And this last one, which I think is one of the most important. Because if this one does not develop, then I don't think students are mathematically proficient. It's when they feel that productive disposition towards mathematics. When they can see themselves as a math doer and learner, and they see that there's a value in the work that we've done here, and it isn't just a set of rules to memorize, or it isn't just answering problems and coming up with the right answer. We're talking about true mathematical proficiency.
And for us, and I'm going to argue probably for all the districts we discuss, we eventually get to there and we go, "Wow, that is what we want." And we need support in order to get there. So that's where we go, "You know what? Let us help you." We're going to take that steak. We're going to pound it in the ground next to whatever the tree is right now. Maybe different parts are growing at different rates. We're going to try to get this tree going, and to try to make this tree as self-sufficient as possible so that it can grow strong, healthy, and balanced.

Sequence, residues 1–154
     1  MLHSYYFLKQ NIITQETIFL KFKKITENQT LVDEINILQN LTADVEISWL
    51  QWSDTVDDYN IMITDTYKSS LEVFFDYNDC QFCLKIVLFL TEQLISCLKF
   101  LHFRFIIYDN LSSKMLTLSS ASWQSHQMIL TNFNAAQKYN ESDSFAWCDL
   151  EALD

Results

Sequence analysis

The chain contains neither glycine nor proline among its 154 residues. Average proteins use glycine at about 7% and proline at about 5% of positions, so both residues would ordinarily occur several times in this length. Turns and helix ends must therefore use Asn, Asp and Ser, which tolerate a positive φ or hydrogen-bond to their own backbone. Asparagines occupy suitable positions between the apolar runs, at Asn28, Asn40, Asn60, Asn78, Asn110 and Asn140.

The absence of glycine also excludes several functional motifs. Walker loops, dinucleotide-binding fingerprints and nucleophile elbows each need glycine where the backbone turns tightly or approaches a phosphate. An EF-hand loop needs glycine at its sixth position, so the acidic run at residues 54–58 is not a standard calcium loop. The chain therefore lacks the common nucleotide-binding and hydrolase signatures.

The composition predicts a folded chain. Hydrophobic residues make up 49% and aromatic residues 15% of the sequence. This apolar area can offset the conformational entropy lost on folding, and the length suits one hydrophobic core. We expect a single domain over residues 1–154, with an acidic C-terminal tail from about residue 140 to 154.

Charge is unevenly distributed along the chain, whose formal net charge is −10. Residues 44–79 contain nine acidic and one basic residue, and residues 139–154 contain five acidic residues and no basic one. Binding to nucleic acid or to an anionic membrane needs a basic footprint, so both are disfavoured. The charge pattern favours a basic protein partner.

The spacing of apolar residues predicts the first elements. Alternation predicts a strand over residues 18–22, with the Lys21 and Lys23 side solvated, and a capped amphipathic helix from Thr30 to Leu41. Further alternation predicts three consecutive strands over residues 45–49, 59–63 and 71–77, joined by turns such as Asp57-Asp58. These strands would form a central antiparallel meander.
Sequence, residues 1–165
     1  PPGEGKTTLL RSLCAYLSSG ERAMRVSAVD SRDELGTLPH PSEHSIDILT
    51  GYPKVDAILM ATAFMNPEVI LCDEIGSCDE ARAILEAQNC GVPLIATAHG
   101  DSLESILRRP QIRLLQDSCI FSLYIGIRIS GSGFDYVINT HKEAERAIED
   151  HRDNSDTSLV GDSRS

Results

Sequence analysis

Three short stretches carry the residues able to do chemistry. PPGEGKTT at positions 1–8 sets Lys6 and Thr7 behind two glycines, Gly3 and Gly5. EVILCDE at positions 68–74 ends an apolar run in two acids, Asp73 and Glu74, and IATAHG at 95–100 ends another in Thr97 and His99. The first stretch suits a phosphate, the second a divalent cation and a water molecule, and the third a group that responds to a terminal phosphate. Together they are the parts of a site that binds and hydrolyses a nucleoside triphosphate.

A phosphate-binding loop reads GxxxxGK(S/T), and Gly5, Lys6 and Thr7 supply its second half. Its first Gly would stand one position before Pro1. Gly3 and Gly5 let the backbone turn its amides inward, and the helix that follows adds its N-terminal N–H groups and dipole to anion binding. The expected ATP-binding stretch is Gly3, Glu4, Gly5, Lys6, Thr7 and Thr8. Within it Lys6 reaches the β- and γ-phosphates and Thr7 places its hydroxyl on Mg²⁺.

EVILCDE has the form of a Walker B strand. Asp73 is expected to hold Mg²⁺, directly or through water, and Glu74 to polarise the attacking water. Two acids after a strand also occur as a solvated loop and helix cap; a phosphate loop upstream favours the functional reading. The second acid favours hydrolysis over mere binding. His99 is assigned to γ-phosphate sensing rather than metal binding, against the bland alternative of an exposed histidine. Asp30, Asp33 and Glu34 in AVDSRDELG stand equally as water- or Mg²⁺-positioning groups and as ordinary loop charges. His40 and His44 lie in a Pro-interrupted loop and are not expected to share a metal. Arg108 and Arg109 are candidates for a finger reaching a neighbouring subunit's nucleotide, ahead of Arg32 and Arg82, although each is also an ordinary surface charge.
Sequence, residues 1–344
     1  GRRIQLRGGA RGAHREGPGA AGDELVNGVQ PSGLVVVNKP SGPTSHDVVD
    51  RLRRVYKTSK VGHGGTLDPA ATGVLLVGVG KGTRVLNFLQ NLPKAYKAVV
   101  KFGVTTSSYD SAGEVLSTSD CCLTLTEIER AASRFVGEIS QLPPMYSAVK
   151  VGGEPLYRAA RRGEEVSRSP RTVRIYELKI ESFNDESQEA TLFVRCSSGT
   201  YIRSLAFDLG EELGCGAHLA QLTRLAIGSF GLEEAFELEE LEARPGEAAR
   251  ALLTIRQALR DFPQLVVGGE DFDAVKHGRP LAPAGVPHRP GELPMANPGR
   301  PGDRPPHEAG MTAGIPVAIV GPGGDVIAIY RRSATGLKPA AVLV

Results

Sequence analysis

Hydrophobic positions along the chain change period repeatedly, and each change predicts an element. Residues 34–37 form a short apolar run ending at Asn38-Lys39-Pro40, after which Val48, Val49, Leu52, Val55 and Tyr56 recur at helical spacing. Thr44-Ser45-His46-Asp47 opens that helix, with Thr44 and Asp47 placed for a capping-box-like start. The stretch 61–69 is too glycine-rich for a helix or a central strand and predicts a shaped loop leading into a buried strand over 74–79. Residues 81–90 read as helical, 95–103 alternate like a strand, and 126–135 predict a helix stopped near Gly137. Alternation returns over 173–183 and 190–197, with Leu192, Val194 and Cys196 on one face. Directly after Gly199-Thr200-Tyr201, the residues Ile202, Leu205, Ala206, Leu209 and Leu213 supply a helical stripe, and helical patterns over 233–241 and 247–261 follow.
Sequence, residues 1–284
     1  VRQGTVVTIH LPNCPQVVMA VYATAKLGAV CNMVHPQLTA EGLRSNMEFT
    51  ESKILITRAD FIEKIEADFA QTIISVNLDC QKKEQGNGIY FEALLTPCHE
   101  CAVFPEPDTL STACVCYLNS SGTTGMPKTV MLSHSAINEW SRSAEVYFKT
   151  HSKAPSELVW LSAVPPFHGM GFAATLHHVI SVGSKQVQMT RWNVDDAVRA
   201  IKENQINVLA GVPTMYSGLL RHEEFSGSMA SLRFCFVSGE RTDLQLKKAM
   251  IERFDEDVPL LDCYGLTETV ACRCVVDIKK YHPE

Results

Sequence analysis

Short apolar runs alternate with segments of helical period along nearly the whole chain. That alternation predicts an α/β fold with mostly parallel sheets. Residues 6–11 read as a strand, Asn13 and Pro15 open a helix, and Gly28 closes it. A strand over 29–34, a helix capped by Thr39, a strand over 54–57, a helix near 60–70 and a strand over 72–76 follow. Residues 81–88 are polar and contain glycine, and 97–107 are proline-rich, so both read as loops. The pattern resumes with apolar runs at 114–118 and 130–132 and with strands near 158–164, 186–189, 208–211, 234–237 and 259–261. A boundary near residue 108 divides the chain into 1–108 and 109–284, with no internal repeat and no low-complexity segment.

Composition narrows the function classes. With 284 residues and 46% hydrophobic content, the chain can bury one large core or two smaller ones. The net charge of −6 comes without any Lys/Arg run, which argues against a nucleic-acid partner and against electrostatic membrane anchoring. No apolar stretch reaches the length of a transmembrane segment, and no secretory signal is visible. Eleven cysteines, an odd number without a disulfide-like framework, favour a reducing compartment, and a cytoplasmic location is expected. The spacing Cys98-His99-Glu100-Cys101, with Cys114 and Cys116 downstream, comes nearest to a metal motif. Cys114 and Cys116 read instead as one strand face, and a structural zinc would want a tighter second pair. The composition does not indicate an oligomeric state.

And that my friends, is the work that we're trying to do here through our district improvement program. But then also in reality, it's the work we try to do with every single educator, every math moment maker out there. You have your own tree, right? Your tree is just relative to your world. And if you're that educator listening right now, envision your math classroom as your tree. How's it going? What does that look like? And maybe start to reflect on what areas of your tree that you want to start working on individually as well.